If you're using a rifle scope with MOA adjustment, you're better off with a reticle with MOA graduations and (milliradians) MILs. That way, you can transition from a hold-over to dial adjustment and vice-versa smoothly and rapidly.
When looking for a good long-range scope, you want one with MIL or MOA. Does it matter which rifle scope you choose? Not really. While the two scopes are significantly different, both move the reticle at a pre-defined range.
Some users prefer using scopes with MILs for long-range targets primarily because they feature graduations of 10. Other shooters find MILs too complicated for long-range shootings because they're marked in inches.
Even though the choice between a MIL or MOA rifle scope depends on personal preference, it would be best to learn how to use both long-range scopes. Think of it as a strategy to become an accomplished long-range shooter or hunter.
Whether you choose a MIL or MOA long-range rifle scope, make sure it comes with a zero stop. That way, you make elevation adjustments easily. On top of that, it ensures that you don't spin adjustment knobs past your rifle's zero.
Some long-range rifle scopes also feature one turn of elevation and vertical adjustment. These offer corrections for extreme long-range distances of 700+ yards.
You can also choose a scope whose elevation adjustment allows elevation adjustment to support more than two rotations of click stop adjustment knobs.
Bases and Rings
When looking for an extreme long-range scope, you want a unit that offers robust mounting, so consider the bases and rings.
More specifically, pick a long-range scope whose mounting offers a vertical offset. That way, you can leverage the reticle's movement range within the scope.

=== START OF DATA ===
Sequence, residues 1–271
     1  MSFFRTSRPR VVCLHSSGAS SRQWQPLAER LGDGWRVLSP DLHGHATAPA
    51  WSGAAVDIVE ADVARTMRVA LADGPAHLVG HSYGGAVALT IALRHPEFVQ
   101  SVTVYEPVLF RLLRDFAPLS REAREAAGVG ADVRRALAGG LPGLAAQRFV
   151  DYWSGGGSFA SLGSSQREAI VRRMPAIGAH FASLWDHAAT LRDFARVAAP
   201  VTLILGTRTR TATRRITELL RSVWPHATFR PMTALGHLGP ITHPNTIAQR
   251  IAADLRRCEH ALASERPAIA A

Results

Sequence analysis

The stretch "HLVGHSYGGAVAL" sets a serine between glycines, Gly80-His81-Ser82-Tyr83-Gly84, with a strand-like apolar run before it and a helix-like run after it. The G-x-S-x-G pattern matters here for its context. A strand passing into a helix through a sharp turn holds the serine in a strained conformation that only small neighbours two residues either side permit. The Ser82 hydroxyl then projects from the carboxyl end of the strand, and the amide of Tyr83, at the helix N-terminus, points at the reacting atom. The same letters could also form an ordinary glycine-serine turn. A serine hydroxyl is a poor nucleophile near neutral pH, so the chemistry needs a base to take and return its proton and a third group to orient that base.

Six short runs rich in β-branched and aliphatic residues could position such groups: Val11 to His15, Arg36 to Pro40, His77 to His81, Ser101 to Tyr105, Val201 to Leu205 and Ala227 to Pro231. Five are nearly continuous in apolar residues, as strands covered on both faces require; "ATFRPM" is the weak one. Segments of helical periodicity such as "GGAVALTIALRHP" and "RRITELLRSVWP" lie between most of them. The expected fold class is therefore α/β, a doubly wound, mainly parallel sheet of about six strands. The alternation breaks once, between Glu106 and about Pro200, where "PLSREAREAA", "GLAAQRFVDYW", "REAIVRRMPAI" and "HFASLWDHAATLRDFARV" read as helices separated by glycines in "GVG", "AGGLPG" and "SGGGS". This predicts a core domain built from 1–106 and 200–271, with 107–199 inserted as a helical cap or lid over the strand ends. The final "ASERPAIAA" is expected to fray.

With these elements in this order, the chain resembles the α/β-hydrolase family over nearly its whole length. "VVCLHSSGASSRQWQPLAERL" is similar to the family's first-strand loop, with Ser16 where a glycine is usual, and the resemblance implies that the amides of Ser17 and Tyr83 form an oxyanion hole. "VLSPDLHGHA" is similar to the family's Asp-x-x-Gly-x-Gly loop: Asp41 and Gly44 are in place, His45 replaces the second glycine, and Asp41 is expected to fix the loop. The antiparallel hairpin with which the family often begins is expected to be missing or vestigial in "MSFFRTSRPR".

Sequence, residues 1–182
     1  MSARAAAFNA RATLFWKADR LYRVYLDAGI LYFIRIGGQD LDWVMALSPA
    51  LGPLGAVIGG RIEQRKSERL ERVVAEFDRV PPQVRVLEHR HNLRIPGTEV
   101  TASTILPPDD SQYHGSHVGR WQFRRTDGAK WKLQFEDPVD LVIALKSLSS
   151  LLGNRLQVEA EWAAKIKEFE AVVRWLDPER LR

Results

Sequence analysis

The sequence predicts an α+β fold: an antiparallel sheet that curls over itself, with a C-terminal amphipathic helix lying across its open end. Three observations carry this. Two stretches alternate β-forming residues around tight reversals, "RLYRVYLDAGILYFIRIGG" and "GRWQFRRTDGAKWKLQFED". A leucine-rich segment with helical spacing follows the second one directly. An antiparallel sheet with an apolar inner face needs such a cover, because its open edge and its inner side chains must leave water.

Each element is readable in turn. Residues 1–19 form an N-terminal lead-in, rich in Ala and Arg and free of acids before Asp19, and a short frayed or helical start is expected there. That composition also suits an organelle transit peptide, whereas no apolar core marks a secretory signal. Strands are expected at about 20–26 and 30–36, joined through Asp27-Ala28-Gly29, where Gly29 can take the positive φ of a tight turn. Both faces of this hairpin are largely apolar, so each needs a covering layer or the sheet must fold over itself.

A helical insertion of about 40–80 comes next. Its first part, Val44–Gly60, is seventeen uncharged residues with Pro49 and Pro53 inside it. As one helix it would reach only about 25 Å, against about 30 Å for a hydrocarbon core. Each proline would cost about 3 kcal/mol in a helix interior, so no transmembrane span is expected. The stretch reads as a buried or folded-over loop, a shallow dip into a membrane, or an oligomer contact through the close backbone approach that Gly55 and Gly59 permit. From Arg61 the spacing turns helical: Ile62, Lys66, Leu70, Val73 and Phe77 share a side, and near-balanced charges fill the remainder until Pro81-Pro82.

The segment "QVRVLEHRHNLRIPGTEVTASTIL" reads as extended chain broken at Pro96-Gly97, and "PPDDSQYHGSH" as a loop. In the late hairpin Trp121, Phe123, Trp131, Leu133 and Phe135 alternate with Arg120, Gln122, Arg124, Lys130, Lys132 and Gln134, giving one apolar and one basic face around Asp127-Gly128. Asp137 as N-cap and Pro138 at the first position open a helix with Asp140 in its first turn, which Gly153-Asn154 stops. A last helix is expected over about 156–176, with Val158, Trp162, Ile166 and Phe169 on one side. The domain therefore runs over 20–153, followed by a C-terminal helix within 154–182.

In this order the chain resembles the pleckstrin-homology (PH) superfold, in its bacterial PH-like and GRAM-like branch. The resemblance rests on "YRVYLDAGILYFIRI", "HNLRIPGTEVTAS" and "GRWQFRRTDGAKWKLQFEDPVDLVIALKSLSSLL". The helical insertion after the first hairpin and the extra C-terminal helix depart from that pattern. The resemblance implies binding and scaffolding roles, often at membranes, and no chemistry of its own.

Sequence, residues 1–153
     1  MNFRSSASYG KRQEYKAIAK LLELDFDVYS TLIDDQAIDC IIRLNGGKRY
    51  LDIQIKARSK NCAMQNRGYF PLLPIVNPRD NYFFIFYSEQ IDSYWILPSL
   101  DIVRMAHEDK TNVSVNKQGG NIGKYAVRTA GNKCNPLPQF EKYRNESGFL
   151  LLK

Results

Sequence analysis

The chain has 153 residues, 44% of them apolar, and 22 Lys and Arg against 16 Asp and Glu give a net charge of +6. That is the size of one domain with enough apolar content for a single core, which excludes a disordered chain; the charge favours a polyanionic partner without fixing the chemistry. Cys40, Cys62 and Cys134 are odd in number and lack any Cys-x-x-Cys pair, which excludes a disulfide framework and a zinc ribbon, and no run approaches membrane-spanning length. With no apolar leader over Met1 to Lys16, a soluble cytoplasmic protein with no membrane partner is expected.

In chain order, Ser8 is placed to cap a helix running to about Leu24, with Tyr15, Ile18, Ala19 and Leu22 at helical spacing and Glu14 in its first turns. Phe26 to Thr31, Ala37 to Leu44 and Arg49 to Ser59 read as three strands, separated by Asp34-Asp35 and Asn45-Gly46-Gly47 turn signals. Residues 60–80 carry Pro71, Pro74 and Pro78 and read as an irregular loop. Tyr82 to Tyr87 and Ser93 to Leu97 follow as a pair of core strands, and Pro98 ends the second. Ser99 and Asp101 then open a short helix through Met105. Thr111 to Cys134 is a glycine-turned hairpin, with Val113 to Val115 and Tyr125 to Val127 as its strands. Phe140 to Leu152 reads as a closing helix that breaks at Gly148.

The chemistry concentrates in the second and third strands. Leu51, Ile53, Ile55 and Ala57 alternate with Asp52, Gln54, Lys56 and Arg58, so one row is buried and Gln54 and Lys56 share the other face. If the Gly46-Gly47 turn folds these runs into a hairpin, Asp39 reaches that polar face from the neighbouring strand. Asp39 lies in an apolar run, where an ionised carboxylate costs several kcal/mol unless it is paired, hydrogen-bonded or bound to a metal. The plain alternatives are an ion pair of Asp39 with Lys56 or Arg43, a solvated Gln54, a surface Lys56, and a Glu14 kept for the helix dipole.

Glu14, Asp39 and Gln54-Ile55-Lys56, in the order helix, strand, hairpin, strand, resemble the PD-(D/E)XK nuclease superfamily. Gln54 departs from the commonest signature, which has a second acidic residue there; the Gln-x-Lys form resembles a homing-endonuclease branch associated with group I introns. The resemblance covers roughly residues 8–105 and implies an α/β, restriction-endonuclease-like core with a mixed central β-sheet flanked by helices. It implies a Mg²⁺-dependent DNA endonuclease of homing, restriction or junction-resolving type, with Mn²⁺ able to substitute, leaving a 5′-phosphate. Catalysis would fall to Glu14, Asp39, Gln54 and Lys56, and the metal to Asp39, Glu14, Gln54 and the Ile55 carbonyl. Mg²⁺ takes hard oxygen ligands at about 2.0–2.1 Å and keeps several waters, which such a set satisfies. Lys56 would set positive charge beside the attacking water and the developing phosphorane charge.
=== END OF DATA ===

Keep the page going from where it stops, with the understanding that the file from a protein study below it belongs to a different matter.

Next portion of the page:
For this, you'll need a rifle scope with a base of 20 MOA offset or more. Hunting scopes with a 20 MOA base are most popular for long-range target shooting because they offer an additional 20 MOA elevation adjustment.
The other reason you'll want to choose a long-range scope with a 20 MOA base is that the offset will place the reticle closer to the rifle's optical center when you dial it to hit targets at extreme long-range distances. Besides, this mechanism offers a clear sight picture with better glass clarity.
Choosing the Best Long Range Scope FAQs
Before we wrap up this post, let's look at a few questions most hunters and shooters ask when looking for the best long-range scopes.
What scope should I use for long-range shooting?
First, you want a scope capable of giving you variable magnification when it comes to long-distance shooting. Extreme long-range scopes with a magnification of 3X to 12X will get the job done depending on the distance.
You also want to pick a long-range rifle scope with an eye relief of 3.6 to 4.4 inches.
The Stealth Vision Scope 56 mm model with 34 mm aircraft grade aluminum tube and a 16.89 to 22.15-inch objective lens diameter is one of the best long-range rifle scopes for the money.
Designed for long-range hunting, it features breakthrough technology to enable you to hit targets 1,000+ yards away.
On top of that, it offers
- Stellar glass quality and edge-to-edge clarity for extreme long-range shooting
- Variable magnification for short and longer distances
- Superior light transmission and management
Which is better: MOA or MRAD?
Long-range rifle scopes use either MOA or MRAD measurement systems.
When sighting your rifle scope, you must use the turrets and reticle together to achieve the best long-range accuracy possible.
Even with the best long-range shooting scope, if you don't sight it in with MOA or MRAD, you'll not achieve much.
So, which one is better? The truth is, neither. It all depends on your target shooting preferences. If you prefer the metric system (yards or inches), you're better off with an MOA reticle. If you think in meters or centimeters, pick a long-range rifle scope that uses the MRAD system.
The Bottom Line
The market is inundated with long-range scopes, each promising to offer the best target shooting experience.
You can easily spend your money on the wrong long-range optic if you don't know where to start and all the features to consider.
Armed with the factors highlighted in this post, however, you should have a problem pinpointing the best long-range rifle scope with excellent resolution optics for your needs.